GADFLY: Standing Up? Standing Down? 

Does this sound familiar: "As Iraqi troops stand up, U.S. troops will stand down.?" It's what we've been told for some time will be the "metric" of when American troops can withdraw from Iraq.  The real question is, does the administration really intend to effectuate this policy, and even if it does, is it even possible, and new information seems to indicate that the answer to both questions seems to be no. 

The fact is, the Iraqi troops aren't "standing up," and the best proof of that is that the Pentagon, which was fond of floating figures on how many Iraqi troops were trained, has suddenly decided it won't reveal that number anymore. You'd think that, if for no other reasons than political ones, the administration and its minions would want to keep feeding us the good news about how much progress is being made in Iraq (something they complain bitterly is under-reported by the traditional media). 

So what's their reason for not reporting the number of trained Iraqis anymore? Why, according to the Pentagon, it's because the number is CLASSIFIED.

Which, of course, begs the question, if that number is classified, why was the Pentagon regularly issuing reports stating the number of trained Iraqis? Was someone violating the law by revealing classified information when these reports were released, or were they the result of on-the-fly declassification?

And why is it the administration, has routinely sent out its flacks to tout the number of trained Iraqis, as recently as GOP head Ken Mehlman’s remarkable appearance on the Daily Show if the number is classified?  The answer is obvious: the Iraqis aren't being trained in anything either like the numbers we've been told or, even worse, in the numbers it's going to take for them to take over the laboring oar of providing security in Iraq, and the more apparent that becomes, the more the “we'll stand down when they stand up” is revealed as the sham it really is, and the more “classified” that failure becomes.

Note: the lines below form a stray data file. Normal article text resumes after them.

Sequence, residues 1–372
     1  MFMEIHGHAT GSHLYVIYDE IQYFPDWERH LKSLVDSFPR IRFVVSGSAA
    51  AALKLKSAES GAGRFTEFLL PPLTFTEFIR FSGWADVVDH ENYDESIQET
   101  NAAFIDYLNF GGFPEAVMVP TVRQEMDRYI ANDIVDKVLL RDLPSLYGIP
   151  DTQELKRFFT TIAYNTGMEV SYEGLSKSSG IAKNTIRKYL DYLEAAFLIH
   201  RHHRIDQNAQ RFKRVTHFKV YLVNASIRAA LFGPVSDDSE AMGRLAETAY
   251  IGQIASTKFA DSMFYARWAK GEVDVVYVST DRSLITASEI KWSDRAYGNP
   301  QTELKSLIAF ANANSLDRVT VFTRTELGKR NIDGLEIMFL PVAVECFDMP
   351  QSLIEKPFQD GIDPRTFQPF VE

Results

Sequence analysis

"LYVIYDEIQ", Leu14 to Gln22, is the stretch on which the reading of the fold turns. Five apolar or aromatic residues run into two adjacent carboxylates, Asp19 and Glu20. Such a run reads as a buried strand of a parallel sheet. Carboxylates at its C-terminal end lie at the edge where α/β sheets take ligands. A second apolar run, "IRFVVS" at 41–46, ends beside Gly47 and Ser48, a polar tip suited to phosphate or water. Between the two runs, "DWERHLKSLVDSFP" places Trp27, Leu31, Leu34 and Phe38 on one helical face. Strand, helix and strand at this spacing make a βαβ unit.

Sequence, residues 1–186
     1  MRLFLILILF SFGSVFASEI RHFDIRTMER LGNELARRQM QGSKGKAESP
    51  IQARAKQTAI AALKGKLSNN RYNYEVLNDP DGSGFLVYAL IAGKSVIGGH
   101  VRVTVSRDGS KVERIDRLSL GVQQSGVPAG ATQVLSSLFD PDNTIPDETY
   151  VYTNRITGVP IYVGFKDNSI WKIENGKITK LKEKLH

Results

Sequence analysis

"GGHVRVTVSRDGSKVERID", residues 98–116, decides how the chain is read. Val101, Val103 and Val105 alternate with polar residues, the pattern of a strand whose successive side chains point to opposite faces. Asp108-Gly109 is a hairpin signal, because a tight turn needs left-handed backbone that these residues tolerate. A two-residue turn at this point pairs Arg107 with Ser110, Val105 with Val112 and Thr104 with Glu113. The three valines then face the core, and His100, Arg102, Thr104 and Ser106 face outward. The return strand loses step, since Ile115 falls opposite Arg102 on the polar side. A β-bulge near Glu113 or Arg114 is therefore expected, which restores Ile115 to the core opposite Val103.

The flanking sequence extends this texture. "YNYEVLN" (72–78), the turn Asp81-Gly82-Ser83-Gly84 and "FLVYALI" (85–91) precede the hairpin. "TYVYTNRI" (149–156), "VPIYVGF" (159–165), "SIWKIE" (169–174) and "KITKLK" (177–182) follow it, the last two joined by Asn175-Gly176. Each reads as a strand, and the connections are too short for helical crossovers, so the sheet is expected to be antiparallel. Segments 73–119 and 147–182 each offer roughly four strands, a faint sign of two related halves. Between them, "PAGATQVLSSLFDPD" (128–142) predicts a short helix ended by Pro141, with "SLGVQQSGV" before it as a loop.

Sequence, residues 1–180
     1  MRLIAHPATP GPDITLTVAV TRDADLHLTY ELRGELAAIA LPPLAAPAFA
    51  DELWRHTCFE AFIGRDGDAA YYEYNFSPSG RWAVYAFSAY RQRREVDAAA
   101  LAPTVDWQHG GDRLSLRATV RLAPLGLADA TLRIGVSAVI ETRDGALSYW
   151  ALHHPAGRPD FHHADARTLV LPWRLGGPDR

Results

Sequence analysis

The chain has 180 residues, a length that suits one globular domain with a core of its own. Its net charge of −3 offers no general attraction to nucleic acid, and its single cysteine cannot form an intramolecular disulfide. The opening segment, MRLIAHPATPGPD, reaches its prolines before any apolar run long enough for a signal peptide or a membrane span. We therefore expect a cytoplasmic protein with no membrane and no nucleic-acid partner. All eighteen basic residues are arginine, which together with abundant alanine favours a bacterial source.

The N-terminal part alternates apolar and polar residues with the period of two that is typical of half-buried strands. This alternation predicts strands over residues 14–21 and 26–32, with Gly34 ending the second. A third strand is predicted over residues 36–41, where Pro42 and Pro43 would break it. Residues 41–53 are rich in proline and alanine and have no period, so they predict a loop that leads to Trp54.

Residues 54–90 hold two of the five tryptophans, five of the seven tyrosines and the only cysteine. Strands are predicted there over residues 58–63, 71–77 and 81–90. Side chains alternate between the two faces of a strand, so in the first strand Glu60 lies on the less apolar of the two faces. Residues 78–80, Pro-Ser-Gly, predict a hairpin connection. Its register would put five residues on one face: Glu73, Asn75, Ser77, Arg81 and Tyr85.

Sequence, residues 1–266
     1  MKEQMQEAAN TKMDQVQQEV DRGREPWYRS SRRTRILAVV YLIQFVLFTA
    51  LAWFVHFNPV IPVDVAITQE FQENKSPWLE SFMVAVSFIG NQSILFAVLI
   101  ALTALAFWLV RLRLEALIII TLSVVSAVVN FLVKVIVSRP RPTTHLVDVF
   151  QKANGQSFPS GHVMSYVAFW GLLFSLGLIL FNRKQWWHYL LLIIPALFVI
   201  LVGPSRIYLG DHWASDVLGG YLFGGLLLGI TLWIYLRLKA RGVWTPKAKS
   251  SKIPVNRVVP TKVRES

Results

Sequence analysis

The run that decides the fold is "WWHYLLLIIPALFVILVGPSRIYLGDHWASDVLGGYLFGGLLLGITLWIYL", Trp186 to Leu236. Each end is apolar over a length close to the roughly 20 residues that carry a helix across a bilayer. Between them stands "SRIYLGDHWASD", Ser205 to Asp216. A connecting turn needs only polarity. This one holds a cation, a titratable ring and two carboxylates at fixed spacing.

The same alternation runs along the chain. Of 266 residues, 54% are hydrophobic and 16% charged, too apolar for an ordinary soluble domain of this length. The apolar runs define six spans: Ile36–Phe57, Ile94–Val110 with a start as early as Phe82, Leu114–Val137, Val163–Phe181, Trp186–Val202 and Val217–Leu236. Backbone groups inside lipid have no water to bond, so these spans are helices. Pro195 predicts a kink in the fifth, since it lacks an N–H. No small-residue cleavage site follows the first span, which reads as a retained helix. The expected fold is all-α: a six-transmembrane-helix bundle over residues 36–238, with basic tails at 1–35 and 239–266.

The administration and, more importantly, its commanders on the ground, know the Iraqi army and police will likely never be capable, on their own, of restoring security in a country made insecure by our invasion and occupation. In his testimony before Congress, General Casey, our commander in Iraq, had to admit how few Iraqi battalions were battle ready, a scenario which has gotten even worse since his testimony. Administration assertions about Iraqi training and readiness have been frequently, and credibly, debunked

It's not like we don't have graphic evidence of the Iraqis' inability or unwillingness to fight, either. Who can forget the pictures of the mass refusal of recent "trainees" to serve, evidenced by their stripping off their uniforms, en masse, following their "graduation" ceremony in Fallujah?  A recent "pod" on the interactive television network Current TV  also highlights this problem, as seen from the perspective of soldiers "on the ground" who have been assigned the duty of training Iraqis. In the video, entitled "Inside Iraq: Training Iraqis,"  the film maker, an army lieutenant stationed in Iraq, depicts vignettes of the exasperating nature of his task, at one point telling the camera it's going to take, in his opinion, at least five years, and possibly ten, to adequately train the Iraqi military. 

All of this lends credence to the belief that there is, in fact, absolutely no interest by this administration in "standing down," or at least not any time soon. This war has been the greatest gravy train in history for what President Eisenhower called "the military industrial complex" (read:  Haliburton, et al). If there were any interest in bugging out of Iraq, would the government be building massive, permanent military bases in Iraq , or resisting any efforts to limit funding for such bases . And how about using the war as an excuse to conflate it with the threat of terrorism (i.e., "fighting them over there so we don't have to fight them over here"), as the House most recently, and dramatically, did in its election-driven resolution. Withdrawing from Iraq might also impede the revolving door that so many high level homeland security operatives have gone through to trade in their government positions for more lucrative jobs in private security consulting.

If you believe the administration has any intention of "standing down" in Iraq, then you'll believe it intends to abide by any of the hundreds of laws the President has signified his intention of disobeying.



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